British Commonwealth Pacific Airlines' Resolution Crashes
The only problem, however, was that the "Resolution" was actually several miles south of their reported position.
At about 8:42 AM., the flight reported in, "Air Pacific Easy, Roger, southeast, turning inbound". It was the last transmission from the "Resolution". Three minutes later, at 8:45 AM, a call from the air traffic control to the "Resolution" went unanswered. Destined to arrive at the airport any moment, the plane had gone silence.
Shortly after the loss of radio contact, at 9:26 AM, four Coast Guard aircraft, including a PB-1, a variant of the B-17 "Flying Fortress", were dispatched from the nearby Air Station at San Francisco, to search for the plane. At 10:10 AM., nearly an hour and a half after the crash, the Coast Guard aircrew aboard the PB-1, piloted by Lt. Commander Donald M. Reed, located a single column of smoke rising from the densely-packed Redwoods on the southwest side of Kings Mountain, west of Redwood City.
Flight 304 and the "Resolution" had crashed, tearing a path of destruction in the forest below, and igniting several fires with the remaining fuel.
At 08:39, the flight called San Francisco Approach Control, identified itself as "Air Pacific Echo" and advised that it was over Half Moon Bay, 500 on top. Approach Control acknowledged and gave the following clearance: "Cleared for an ILS approach to the airport, runway 28, wind west 15; cross the outer marker initial at least 500 on top, report when inbound; ceiling 1.200, visibility nine. altimeter 30.14."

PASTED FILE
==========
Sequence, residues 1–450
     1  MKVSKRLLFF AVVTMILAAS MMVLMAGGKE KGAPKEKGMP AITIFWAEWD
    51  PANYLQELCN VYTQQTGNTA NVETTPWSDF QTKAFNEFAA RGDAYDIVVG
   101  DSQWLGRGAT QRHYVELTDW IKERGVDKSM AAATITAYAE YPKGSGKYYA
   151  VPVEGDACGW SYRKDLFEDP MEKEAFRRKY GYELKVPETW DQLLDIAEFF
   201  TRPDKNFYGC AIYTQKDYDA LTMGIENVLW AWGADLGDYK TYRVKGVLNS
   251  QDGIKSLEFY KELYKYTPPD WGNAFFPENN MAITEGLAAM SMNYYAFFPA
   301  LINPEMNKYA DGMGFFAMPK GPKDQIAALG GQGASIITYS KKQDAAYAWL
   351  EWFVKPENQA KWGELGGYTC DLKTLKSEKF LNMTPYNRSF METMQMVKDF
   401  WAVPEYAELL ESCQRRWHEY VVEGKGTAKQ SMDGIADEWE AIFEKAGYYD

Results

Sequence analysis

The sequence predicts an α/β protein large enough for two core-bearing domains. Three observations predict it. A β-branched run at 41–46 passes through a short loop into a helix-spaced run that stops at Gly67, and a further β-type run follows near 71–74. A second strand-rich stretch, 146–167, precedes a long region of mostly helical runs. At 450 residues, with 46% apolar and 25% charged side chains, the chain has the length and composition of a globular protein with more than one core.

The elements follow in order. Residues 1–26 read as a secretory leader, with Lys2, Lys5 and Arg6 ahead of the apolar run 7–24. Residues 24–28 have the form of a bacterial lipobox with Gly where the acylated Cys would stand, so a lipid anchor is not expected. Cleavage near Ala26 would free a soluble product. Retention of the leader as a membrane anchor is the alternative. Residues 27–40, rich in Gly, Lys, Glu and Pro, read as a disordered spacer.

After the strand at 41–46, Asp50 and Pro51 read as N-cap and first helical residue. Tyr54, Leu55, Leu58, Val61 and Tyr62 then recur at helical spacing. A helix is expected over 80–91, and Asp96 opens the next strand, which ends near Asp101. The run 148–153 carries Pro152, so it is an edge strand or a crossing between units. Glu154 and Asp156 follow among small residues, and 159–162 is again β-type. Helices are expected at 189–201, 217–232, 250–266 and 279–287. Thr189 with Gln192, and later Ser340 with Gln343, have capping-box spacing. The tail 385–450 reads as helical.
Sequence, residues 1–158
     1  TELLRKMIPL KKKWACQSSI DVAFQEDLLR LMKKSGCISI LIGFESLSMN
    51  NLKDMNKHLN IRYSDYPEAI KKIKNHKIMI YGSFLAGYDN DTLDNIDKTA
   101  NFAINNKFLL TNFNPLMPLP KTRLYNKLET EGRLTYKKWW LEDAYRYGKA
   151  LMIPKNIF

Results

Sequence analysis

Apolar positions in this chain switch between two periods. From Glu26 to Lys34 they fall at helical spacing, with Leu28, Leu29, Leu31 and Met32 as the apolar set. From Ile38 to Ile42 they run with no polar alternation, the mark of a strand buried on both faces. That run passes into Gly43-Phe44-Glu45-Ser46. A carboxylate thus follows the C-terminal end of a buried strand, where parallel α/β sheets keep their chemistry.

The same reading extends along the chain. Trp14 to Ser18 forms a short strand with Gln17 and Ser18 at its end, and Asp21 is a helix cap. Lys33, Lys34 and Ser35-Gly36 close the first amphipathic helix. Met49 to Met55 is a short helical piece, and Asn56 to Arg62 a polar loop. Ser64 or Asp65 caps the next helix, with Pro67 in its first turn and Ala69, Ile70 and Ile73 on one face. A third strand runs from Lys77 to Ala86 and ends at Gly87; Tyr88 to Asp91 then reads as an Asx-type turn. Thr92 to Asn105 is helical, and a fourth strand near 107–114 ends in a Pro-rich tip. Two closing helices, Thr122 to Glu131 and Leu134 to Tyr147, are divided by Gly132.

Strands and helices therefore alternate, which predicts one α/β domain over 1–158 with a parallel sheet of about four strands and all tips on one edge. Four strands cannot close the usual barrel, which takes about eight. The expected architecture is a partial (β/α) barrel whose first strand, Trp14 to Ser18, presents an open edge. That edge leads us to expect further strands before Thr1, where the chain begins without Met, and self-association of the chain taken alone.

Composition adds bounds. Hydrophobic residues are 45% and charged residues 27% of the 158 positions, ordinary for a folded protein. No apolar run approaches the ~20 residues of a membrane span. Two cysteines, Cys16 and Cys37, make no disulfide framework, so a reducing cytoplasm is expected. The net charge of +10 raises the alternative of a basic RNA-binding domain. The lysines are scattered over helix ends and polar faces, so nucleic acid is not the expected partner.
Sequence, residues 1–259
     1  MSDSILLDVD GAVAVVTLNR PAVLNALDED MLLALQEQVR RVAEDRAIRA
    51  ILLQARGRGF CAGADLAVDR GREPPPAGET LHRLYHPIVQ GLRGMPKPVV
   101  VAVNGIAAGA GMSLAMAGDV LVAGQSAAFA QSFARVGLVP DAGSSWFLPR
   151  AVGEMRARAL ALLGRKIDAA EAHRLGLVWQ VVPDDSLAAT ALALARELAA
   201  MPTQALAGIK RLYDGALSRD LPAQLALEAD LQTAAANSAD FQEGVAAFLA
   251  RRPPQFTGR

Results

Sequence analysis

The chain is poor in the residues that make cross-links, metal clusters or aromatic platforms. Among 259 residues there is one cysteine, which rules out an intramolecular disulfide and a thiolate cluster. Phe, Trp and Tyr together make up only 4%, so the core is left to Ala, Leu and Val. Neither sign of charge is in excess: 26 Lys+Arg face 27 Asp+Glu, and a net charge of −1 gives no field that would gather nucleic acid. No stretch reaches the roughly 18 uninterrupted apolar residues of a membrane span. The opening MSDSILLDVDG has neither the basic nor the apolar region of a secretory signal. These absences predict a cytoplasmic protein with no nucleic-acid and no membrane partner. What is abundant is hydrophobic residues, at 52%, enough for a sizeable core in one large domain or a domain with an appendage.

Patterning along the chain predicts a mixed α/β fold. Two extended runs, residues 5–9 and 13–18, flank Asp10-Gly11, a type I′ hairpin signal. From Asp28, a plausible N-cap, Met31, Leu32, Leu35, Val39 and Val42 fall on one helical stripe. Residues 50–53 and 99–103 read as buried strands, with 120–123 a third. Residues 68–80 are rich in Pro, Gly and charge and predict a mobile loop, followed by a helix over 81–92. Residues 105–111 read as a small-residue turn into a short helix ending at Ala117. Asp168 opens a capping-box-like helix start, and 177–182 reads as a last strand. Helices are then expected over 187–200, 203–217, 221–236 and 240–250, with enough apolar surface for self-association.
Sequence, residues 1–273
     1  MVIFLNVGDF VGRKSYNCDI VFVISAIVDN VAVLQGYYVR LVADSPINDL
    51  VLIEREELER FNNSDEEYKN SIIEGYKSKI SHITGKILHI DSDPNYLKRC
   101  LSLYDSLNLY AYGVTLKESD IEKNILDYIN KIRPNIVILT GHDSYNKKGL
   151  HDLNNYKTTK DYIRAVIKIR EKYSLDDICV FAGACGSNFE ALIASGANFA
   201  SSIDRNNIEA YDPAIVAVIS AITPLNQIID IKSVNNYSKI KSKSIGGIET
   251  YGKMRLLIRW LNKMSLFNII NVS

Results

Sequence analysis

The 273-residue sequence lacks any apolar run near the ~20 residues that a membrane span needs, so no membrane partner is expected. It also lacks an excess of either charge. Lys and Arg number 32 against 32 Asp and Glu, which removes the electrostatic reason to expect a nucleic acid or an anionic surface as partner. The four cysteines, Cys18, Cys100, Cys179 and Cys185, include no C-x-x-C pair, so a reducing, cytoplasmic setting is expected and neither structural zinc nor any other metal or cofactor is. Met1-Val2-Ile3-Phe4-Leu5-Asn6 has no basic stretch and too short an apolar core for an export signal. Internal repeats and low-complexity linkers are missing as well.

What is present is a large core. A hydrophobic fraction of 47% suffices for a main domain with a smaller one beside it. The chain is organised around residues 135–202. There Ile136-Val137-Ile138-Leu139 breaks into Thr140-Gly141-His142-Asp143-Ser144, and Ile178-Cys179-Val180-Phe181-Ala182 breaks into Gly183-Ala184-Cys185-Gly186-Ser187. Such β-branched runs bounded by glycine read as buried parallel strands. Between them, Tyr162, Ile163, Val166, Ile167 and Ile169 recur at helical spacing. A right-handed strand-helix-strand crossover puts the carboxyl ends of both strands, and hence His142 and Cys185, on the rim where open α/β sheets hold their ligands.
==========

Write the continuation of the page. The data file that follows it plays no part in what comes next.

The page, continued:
Approximately three minutes later, the flight made a report which was acknowledged by the controller as "Air Pacific Easy, Roger, southeast, turning inbound"; the controller then added. "Check passing the ILS outer marker inbound."
His actual position however was southwest of the airport - not southeast. It is therefore probable that the captain after reporting over Half Moon Bay either saw the terrain momentarily through an unreported break in the overcast or because of a radio navigational error became convinced that his position was farther northeast, and started to let down over what he believed was the proper area for this descent.
The DC-6 initially struck and topped several large redwood trees, continued across a narrow ravine and crashed against the side of a steeply rising slope approximately one-half mile beyond the first tree struck. The elevation of this tree at the point of contact was 2902 feet MSL.
British Commonwealth Pacific Airlines (BCPA) Flight 304 was a Douglas DC-6 named Resolution and registered VH-BPE, on a flight from Sydney, Australia, to Vancouver, British Columbia in Canada, with scheduled stops at Nadi (Fiji), Canton Island, Honolulu and San Francisco. It crashed during its initial approach towards San Francisco International Airport on October 29, 1953, killing all 19 people on board, including the American pianist William Kapell.
The aircraft was flying the Honolulu - San Francisco leg with a crew of 8 and 11 passengers (10 adults and 1 child). Captain Bruce N. Dickson (aged 34) and his crew took over the plane in Honolulu as scheduled.